Late last year, the sales representatives at Oregon-based RV Corral sold about eight recreational vehicles over a single weekend. Not bad when times are as tough as they are.
But, as reported by the Register-Guard, when push came to shove, only two or three customers were able to get financing for the new rigs, according to Jerry McCall, a co-owner of the 22-year-old business that has lots in Eugene and in Coburg.
“It’s real frustrating for the customer,” he said — not to mention to sales reps who miss out on the commission.
That’s why McCall and others in the local RV industry are supporting an effort by Oregon’s congressional delegation to get federal officials to help loosen up credit for RV dealers and buyers.
In a letter sent Friday (Jan. 9) to Treasury Secretary Henry Paulson and Federal Reserve Chairman Ben Bernanke, the lawmakers ask that a loan fund established to make credit more readily available to auto buyers and auto dealers be opened up to include consumers trying to buy RVs and to RV dealers.
Doing so would help the industry rebound and protect more than 150,000 domestic manufacturing jobs, said the letter, written by U.S. Rep. Peter DeFazio and signed by the entire delegation. Already, the nationwide credit crunch has cost the RV industry 80,000 jobs, the letter states.
“In Oregon and across the United States, the recreational vehicle industry has been devastated by the lack of available credit despite the many potential customers with excellent credit scores ready to purchase these American-made products,” the letter said. “This is a common sense proposal that will protect good paying domestic jobs at little cost to taxpayers.”
The move mirrors efforts by two Indiana congressmen in December as Hoosier Democrat Joe Donnelly and Republican Mark Souder also sent letters to Paulson and Bernanke. Both the Recreation Vehicle Industry Association (RVIA) and Recreation Vehicle Dealers Association (RVDA) have been spearheading an industrywide initiative to improve credit conditions through lobbying efforts.
The Register-Guard reported that at issue is the Term Asset-Backed Securities Loan Facility, established by the Federal Reserve in November. Initially, it was intended to extend credit to consumers for credit card loans, student loans and auto loans. In December, the Federal Reserve permitted the fund to be used by auto dealers so they could stock inventory in their showrooms.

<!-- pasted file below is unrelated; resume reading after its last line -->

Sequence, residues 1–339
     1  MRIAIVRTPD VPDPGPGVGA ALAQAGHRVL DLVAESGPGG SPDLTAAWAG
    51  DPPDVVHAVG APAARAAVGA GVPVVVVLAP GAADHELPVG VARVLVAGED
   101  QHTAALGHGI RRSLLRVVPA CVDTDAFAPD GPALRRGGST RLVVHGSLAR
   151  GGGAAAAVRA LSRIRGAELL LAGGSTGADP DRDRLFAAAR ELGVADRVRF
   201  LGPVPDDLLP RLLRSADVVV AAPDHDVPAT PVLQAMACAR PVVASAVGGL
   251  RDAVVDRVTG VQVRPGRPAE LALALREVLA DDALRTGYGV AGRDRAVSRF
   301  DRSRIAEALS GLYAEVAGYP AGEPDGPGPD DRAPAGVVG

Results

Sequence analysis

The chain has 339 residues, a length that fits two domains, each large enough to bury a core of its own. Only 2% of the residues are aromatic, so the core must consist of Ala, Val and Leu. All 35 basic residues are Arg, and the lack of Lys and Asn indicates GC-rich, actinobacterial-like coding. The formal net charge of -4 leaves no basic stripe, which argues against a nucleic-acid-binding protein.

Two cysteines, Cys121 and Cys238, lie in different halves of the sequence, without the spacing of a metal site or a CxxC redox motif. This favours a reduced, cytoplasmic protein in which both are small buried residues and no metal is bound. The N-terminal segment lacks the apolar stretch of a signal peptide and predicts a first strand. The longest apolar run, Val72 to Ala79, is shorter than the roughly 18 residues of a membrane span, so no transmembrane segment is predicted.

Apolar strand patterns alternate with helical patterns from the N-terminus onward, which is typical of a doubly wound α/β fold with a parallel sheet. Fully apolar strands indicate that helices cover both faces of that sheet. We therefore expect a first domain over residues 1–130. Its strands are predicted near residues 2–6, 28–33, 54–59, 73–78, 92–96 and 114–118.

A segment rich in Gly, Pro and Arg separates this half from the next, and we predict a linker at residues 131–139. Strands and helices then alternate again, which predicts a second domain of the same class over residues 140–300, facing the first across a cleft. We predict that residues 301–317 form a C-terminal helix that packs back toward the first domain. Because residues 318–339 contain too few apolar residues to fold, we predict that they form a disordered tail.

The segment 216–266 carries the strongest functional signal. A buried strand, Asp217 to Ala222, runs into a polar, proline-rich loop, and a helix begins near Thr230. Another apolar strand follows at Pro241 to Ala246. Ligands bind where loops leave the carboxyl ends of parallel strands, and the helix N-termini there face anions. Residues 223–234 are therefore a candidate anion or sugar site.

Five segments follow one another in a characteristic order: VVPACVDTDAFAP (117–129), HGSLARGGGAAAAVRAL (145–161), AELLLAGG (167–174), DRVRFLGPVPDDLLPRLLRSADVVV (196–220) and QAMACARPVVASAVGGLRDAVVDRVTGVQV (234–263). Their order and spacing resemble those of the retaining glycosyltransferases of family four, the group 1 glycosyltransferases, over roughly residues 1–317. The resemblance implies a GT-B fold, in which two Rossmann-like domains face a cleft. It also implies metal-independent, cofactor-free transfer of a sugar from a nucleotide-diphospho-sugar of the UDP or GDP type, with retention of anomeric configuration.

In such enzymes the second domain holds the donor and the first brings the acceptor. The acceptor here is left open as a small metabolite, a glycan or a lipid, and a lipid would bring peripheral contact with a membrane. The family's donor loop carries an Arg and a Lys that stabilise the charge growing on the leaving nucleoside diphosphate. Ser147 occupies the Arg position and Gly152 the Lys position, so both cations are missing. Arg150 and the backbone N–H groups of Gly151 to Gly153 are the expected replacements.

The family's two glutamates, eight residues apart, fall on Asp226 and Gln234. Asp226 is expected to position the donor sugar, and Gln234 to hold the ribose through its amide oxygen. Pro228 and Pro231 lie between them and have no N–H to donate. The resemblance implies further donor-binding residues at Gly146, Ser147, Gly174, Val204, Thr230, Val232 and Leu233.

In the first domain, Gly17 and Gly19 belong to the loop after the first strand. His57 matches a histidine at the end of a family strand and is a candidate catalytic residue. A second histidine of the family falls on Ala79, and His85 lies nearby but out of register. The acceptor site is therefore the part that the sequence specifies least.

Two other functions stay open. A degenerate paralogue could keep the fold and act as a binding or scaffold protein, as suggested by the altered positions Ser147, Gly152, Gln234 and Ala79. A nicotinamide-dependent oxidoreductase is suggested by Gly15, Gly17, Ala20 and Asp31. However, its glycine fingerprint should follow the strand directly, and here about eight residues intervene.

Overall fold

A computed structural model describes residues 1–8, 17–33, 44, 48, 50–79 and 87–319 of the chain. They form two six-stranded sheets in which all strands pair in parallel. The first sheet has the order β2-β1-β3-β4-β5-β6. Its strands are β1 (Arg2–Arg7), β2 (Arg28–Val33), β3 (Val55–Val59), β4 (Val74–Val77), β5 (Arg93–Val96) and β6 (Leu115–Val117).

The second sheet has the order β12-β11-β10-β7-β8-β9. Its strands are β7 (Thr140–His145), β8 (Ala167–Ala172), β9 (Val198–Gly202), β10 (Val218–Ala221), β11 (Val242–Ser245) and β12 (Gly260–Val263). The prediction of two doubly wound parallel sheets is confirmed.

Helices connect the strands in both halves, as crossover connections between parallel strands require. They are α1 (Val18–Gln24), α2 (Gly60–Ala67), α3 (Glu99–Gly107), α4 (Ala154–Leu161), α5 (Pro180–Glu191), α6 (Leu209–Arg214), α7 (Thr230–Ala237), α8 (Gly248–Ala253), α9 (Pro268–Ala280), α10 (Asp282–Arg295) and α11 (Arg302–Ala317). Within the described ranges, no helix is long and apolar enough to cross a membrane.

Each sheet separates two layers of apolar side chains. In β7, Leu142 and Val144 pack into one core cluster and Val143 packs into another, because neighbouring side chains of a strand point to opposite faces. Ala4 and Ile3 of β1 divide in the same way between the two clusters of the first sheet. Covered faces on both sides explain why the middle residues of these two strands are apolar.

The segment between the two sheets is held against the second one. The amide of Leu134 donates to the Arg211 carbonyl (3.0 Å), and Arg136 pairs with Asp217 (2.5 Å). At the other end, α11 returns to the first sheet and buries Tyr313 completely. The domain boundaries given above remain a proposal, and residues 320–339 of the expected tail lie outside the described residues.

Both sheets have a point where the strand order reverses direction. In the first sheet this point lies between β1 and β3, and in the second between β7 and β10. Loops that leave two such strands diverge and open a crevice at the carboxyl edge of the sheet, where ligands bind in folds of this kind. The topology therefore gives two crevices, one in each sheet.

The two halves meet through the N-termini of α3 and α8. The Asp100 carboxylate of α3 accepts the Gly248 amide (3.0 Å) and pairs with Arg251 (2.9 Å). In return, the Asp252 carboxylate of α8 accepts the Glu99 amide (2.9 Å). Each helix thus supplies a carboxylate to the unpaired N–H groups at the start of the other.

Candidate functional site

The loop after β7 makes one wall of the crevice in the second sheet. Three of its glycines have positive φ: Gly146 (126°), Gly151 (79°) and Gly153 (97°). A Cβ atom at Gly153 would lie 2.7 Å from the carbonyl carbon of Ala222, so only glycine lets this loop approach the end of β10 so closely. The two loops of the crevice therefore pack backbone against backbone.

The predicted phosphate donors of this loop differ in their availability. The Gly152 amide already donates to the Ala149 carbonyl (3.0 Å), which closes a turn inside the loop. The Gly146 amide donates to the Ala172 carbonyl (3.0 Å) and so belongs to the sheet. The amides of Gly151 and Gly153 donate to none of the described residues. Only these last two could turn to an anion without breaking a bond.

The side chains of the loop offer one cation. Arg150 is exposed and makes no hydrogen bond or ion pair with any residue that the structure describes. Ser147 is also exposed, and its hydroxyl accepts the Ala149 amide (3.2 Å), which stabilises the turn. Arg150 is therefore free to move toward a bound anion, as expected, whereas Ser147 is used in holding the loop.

Expanding it to include RVs would pose little risk to taxpayers because RV buyers tend to be older and wealthier, so default rates on RVs is half the default rate on autos, the lawmakers said.
About 3,000 people work in the RV industry in southwest Oregon, according to the letter. Lane County has three RV manufacturers, one of which, Country Coach Inc. in Junction City, has said it will close by the end of February unless it can obtain new financing. The industry here also includes dealers, who sell the vehicles, and numerous vendors who do business with the manufacturers.
The proposal to make credit more readily available to RV buyers and dealers was wholeheartedly endorsed by local RV industry officials Friday.
Craig Wanichek, spokesman for Monaco Coach Corp. in Coburg, said opening up the loan fund to the RV industry “would be a good first step” to help struggling RV makers and dealers.
“It’s significant for our industry to somehow free up credit to our dealers and the retail consumer,” he said. “It wouldn’t bring everything back to normal but any incremental help is needed.”
“This is a very appropriate use of these funds,” said Shannon Nill, general manager of Guaranty RV Supercenters in Junction City. “We are excited to know this might extend the life of some of the manufacturers that are currently on the ropes.”
Guaranty’s customer relations manager, Jolene Loudon, organized about 50 employees to call Oregon’s congressional delegation and encourage members to sign on to DeFazio’s letter.
“We just wanted to encourage those folks to sign on to DeFazio’s letter because of the importance of the issue and knowing consumer credit hasn’t improved as much as we like,” she said.
McCall at the RV Corral said his lender, Bank of America, has continued to provide financing for inventory. But other dealers who rely on other lenders have found credit hard to come by, he said.
He said he welcomed the effort to get more credit for RV buyers and dealers, but added, “It’s probably too little too late for some of the companies.”